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18 April 2015 @ 05:41 pm
Is it good to lie to children?  
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http://www.paulgraham.com/lies.html
Adults lie constantly to kids.
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One of the most remarkable things about the way we lie to kids is how broad the conspiracy is.
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If you ask adults why they lie to kids, the most common reason they give is to protect them.
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As the roast turkey appeared on the table, his alarmingly perceptive 5 year old son suddenly asked if the turkey had wanted to die. Foreseeing disaster, my friend and his wife rapidly improvised: yes, the turkey had wanted to die, and in fact had lived its whole life with the aim of being their Thanksgiving dinner. And that (phew) was the end of that.

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We arrive at adulthood with a kind of truth debt. We were told a lot of lies to get us (and our parents) through our childhood. Some may have been necessary. Some probably weren't. But we all arrive at adulthood with heads full of lies.

There's never a point where the adults sit you down and explain all the lies they told you. They've forgotten most of them. So if you're going to clear these lies out of your head, you're going to have to do it yourself.

Few do. Most people go through life with bits of packing material adhering to their minds and never know it. You probably never can completely undo the effects of lies you were told as a kid, but it's worth trying. I've found that whenever I've been able to undo a lie I was told, a lot of other things fell into place.

Fortunately, once you arrive at adulthood you get a valuable new resource you can use to figure out what lies you were told. You're now one of the liars. You get to watch behind the scenes as adults spin the world for the next generation of kids.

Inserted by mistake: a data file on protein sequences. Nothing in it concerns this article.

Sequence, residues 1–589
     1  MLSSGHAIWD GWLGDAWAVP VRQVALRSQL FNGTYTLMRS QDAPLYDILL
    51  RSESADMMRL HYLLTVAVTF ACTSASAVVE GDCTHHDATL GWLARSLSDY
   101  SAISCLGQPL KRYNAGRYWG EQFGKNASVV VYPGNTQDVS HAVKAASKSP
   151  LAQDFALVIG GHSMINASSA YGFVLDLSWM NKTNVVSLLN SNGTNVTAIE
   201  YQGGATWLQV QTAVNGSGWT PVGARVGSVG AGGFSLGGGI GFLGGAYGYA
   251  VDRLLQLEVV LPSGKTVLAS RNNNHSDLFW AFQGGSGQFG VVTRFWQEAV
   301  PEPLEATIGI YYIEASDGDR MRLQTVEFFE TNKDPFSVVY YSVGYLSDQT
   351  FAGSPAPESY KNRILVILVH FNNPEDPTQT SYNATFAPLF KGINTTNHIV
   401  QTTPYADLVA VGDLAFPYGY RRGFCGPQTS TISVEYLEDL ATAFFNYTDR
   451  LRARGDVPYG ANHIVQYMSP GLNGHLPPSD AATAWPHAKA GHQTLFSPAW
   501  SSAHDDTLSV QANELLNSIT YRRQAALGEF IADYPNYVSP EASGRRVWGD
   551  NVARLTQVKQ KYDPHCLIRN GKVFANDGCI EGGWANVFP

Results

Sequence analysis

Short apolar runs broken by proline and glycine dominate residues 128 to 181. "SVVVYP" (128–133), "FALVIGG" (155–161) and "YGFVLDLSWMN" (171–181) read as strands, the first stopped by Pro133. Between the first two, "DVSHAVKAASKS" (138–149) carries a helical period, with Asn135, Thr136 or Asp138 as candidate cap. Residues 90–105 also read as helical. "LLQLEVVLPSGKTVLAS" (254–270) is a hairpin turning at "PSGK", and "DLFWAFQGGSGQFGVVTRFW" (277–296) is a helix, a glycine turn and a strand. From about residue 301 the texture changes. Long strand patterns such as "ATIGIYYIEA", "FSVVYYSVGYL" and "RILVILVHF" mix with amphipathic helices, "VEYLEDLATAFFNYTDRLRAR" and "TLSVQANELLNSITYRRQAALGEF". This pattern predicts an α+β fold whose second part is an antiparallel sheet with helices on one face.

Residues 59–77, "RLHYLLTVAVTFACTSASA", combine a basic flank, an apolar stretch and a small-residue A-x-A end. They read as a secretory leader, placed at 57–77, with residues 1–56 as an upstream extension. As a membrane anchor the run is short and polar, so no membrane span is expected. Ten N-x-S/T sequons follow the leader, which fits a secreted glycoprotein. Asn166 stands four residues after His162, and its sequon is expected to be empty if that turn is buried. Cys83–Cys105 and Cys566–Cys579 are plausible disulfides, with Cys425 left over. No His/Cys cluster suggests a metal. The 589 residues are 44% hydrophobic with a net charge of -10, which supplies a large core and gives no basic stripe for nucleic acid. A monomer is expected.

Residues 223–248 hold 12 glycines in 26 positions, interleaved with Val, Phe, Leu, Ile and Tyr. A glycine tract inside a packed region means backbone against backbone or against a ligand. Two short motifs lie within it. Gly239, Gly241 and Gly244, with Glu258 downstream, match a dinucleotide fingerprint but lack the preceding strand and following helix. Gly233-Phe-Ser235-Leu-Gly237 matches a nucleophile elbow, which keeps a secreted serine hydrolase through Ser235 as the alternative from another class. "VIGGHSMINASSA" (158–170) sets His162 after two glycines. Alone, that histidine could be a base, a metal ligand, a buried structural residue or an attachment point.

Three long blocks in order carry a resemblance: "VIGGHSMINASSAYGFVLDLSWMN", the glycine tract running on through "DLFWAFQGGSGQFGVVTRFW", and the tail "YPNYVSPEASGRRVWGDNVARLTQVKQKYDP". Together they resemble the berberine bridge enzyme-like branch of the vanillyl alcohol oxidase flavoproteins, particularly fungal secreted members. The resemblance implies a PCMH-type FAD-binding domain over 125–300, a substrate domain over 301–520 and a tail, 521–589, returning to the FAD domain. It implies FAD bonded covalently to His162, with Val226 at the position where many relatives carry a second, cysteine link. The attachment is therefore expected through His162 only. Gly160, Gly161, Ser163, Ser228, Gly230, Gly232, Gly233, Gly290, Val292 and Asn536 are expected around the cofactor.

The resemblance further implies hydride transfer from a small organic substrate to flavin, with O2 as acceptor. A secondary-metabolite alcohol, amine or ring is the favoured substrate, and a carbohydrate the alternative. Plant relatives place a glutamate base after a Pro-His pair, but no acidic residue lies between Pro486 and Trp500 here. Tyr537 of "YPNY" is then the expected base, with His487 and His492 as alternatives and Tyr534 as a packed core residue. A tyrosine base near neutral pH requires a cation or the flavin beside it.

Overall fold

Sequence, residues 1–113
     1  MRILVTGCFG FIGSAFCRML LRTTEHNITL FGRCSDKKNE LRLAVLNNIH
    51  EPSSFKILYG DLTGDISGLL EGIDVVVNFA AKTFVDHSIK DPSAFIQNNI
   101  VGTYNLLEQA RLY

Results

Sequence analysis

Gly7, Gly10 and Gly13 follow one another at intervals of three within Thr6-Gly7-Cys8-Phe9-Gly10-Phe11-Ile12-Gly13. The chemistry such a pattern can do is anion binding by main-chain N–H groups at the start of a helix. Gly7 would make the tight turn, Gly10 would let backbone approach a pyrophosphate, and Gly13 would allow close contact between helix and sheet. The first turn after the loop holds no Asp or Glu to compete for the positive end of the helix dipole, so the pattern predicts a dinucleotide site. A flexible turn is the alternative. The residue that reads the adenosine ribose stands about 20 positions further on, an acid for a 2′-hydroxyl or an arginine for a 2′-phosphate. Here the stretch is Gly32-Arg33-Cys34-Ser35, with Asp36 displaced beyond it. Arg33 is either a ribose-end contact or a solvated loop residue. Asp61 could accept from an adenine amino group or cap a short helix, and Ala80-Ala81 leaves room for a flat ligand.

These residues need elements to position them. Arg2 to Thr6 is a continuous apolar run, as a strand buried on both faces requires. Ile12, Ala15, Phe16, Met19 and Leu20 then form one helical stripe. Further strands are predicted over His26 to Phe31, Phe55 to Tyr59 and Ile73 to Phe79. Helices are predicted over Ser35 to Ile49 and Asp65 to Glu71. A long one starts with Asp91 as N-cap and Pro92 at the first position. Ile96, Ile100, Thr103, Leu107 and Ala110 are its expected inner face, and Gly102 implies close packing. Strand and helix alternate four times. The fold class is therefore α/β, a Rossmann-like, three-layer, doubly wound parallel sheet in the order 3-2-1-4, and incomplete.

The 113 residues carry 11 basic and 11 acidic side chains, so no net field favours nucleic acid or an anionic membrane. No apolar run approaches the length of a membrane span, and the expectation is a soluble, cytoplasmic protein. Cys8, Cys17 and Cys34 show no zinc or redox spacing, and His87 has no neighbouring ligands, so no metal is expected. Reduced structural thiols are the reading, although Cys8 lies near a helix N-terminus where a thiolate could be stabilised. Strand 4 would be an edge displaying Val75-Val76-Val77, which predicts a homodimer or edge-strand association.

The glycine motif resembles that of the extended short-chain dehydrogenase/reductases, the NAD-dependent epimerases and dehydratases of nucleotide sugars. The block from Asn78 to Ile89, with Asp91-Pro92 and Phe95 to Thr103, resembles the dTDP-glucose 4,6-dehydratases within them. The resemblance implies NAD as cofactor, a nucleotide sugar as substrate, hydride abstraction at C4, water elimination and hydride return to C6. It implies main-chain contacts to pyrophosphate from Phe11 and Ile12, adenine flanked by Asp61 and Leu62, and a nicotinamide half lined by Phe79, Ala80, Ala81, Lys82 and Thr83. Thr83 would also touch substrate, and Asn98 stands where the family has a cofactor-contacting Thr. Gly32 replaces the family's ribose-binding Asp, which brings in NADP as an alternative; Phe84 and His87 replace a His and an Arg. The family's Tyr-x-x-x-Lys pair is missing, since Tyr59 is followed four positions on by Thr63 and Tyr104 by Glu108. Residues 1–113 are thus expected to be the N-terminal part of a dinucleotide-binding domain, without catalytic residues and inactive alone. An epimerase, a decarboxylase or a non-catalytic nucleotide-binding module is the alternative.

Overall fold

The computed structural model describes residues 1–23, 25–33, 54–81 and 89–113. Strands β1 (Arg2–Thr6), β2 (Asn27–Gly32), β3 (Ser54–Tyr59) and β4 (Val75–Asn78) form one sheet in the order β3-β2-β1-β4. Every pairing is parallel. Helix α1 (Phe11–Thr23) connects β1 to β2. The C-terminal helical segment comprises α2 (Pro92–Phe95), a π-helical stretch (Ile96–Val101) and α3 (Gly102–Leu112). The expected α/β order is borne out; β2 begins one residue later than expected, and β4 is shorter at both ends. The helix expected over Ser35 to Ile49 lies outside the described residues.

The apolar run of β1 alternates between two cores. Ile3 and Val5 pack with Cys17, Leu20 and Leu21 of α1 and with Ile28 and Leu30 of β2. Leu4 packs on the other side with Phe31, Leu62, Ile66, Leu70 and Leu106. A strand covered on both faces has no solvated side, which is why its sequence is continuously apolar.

The first step in clearing your head is to realize how far you are from a neutral observer. When I left high school I was, I thought, a complete skeptic. I'd realized high school was crap. I thought I was ready to question everything I knew. But among the many other things I was ignorant of was how much debris there already was in my head. It's not enough to consider your mind a blank slate. You have to consciously erase it.
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Биологalleukemist on April 19th, 2015 02:15 am (UTC)
I thought you remembered what we talked about in my journal before.
In general, an adult will not have a significantly distorted picture of the world because you lied, but a kid may.
Dennis Gorelikdennisgorelik on April 19th, 2015 04:00 am (UTC)
I remember is somewhat but the answer was not clear enough.
It's not clear yet anyway:
if some behavior is bad and you do not want to make a big bad thing, then you probably would not want to make a small bad thing either, right?
Биологalleukemist on April 20th, 2015 04:23 pm (UTC)
Well, ideally yes, but I am not a saint so in practice I would definitely try to avoid big bad things while more or less condoning smaller ones. And no, there is no red line or anything quantitative. As most human beings, I try to juggle conflicting motivations.